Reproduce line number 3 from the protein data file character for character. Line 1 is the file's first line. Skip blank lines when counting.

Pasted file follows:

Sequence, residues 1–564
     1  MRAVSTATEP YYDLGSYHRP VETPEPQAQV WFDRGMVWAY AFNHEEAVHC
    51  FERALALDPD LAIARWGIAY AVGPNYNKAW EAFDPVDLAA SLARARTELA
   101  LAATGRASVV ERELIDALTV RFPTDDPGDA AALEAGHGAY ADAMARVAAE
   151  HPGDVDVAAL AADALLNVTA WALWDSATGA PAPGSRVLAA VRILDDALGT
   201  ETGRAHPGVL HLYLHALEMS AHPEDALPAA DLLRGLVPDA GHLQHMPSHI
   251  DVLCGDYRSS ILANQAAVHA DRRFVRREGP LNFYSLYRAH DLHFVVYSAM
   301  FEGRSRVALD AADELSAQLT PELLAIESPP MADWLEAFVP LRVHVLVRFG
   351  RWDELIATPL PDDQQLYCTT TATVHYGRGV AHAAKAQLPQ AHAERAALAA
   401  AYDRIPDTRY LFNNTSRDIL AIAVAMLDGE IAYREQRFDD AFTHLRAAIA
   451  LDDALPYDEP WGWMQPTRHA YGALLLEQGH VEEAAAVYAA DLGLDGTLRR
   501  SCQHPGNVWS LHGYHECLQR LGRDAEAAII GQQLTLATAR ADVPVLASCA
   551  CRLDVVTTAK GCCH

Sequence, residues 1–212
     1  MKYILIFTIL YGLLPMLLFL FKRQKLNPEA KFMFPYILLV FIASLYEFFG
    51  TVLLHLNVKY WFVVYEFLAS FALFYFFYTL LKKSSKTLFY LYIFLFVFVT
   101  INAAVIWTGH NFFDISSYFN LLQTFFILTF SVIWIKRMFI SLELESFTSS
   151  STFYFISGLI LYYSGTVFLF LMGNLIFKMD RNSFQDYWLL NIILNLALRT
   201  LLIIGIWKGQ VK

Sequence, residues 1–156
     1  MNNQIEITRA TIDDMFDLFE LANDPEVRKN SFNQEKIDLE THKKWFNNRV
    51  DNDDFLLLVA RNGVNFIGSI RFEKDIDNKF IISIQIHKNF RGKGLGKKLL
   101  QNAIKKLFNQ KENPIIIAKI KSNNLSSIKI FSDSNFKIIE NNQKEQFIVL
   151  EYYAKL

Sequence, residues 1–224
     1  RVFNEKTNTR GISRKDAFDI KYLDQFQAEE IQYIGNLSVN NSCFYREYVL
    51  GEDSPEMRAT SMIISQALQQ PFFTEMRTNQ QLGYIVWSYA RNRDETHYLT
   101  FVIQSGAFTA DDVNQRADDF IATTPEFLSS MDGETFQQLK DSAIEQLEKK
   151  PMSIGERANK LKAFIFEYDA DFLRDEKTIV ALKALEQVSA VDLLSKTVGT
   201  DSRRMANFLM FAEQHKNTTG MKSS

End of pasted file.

    51  FERALALDPD LAIARWGIAY AVGPNYNKAW EAFDPVDLAA SLARARTELA